A nation of wage slaves

Recently, we heard two things in the news. First the economy has grown by 3.7 per cent, which is the best recovery in the Group of Seven industrialized nations. We also heard that the amount of debt carried by average Canadians is so high that many risk losing everything. All it would take is a little downturn in the job market, or a tiny rise in interest rates, and a whole bunch of us would be in big trouble.

If our economy is doing well, why are so many Canadians in such trouble?

The fact is that government and industry want us to take on as much debt as we can bear. The reason is this: if you save your money rather than spend it, governments cannot tax it. And if a lot of people . have a lot of debt, they have to work really hard and without complaint.. Government gets to claim taxes and industry gets a quiet workforce. They win, and we work.

It wasn’t always this way. We were once a nation of farmers and business owners who had time to raise our own children and enjoy our lives. Every neighbourhood had a butcher, a baker, a dress shop, a tailor and milk was delivered to the door. These were mostly family-run operations. Most people didn’t get rich, but they paid their taxes and the profits circulated around the neighbourhood instead of being siphoned away by banks and foreign shareholders. Over the decades, government policy helped large corporations squeeze those small businesses out, all in the name of “the free market”. Now, most of us work for somebody else, eat lousy corporate food and clothes made by people even worse off in Bangladesh and Malaysia.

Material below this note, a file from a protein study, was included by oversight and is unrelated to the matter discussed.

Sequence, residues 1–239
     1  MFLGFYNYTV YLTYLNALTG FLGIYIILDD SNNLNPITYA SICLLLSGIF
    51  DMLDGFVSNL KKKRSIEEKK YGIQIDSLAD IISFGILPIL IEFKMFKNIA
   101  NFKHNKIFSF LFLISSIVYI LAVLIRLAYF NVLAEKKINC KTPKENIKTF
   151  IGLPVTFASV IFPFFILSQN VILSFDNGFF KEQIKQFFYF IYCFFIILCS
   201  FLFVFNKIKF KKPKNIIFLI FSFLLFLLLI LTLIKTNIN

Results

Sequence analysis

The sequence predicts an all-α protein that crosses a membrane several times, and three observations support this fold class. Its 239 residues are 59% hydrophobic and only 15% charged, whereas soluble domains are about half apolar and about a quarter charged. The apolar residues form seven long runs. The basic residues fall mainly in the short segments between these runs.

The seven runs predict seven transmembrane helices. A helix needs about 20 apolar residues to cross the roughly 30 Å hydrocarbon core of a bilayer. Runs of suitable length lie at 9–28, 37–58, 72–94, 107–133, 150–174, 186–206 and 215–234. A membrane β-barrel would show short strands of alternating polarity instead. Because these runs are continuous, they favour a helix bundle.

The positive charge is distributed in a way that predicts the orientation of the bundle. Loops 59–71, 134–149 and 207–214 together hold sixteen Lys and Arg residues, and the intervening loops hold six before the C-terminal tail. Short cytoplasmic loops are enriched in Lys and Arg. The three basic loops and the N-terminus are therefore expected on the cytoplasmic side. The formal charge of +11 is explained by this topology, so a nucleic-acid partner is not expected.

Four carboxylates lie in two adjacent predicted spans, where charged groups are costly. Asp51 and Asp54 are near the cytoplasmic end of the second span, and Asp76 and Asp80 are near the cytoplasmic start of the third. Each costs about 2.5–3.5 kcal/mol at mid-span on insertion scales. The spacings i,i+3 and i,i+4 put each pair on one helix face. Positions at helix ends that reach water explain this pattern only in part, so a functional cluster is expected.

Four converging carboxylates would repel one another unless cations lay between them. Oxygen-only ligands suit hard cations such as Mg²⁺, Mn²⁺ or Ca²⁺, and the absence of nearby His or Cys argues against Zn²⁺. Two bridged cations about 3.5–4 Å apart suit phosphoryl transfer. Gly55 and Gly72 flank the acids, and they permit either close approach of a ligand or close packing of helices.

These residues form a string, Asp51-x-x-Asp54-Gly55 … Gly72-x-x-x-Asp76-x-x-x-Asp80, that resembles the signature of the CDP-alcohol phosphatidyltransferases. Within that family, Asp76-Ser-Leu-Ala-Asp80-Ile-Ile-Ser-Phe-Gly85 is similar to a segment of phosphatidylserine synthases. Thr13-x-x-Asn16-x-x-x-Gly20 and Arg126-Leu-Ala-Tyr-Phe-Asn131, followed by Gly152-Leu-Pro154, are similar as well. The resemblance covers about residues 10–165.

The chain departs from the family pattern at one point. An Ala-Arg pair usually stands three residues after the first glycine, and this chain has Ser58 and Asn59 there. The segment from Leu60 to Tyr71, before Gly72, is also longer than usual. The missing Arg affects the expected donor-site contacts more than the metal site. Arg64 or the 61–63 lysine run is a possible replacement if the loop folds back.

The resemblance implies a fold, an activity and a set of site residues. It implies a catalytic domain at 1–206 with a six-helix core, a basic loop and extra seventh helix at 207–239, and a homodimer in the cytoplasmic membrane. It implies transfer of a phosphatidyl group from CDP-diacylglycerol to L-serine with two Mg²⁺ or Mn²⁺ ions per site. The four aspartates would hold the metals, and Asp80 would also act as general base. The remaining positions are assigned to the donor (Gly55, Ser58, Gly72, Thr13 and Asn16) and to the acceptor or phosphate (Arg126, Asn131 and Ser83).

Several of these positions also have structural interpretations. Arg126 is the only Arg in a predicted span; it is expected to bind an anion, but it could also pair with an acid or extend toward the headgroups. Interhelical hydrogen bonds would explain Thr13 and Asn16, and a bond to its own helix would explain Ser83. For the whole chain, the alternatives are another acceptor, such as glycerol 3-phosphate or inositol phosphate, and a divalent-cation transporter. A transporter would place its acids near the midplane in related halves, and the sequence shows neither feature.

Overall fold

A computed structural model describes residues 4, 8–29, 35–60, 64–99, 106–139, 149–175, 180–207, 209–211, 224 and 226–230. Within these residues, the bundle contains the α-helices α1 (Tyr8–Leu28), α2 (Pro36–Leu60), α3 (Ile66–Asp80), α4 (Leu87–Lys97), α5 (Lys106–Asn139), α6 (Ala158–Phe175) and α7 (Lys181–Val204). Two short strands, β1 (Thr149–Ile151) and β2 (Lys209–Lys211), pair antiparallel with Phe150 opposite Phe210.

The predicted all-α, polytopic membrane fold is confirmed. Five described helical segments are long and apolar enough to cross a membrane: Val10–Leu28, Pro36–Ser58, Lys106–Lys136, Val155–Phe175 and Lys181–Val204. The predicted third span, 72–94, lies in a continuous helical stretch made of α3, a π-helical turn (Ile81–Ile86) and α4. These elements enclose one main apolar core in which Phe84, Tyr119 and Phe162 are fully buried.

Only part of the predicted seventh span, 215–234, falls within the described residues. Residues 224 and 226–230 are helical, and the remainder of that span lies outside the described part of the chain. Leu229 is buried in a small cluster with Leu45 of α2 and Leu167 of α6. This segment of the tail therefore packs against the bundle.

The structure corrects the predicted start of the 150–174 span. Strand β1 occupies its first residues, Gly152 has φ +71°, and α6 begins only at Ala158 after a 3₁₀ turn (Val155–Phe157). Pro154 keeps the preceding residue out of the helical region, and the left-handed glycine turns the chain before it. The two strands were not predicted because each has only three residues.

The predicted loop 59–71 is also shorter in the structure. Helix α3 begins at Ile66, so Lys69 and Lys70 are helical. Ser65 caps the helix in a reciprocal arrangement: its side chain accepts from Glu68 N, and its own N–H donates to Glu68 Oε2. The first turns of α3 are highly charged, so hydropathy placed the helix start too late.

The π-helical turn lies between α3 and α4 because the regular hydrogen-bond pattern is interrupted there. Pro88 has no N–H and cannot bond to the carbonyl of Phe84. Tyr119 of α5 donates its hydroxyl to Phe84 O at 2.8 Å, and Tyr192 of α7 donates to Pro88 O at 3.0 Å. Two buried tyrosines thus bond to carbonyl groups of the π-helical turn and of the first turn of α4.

We are now a nation of wage slaves who feel lucky to work for someone else just so we can pay our bills. We demand that our politicians create jobs instead of small business opportunities. The family farm is a romantic memory and the countryside is emptying. The media–owned mostly by large corporations–doesn’t cover this story. The tell us that what is good for corporations is good for us, and that “the market” will fix everything.

Here is an interesting bit of history: prior to the 14th century, most Europeans used to be able to live so easily and happily on their own little bits of land, and from commonly-owned forests, that they simply refused to work for a wage. Working for a wage was considered just a bit better than slavery. But the “nobility” — a class of people that barely existed before then — wanted cheap labour to enrich themselves and so took peasant land by force, consolidating social and economic power into their own hands. It took over two centuries of violence to suppress these “peasant uprisings”, but the rich did it, with the help of government. This is the same process that continues today except that governments and industry no longer have to use force: they just blab nonsense about the economy and hope we don’t get mad enough to demand change.

It doesn’t have to be this way. Democracy is designed to give everybody equal power and opportunity. All we have to do is elect a government that is willing to stand up to corporations and stick up for us.

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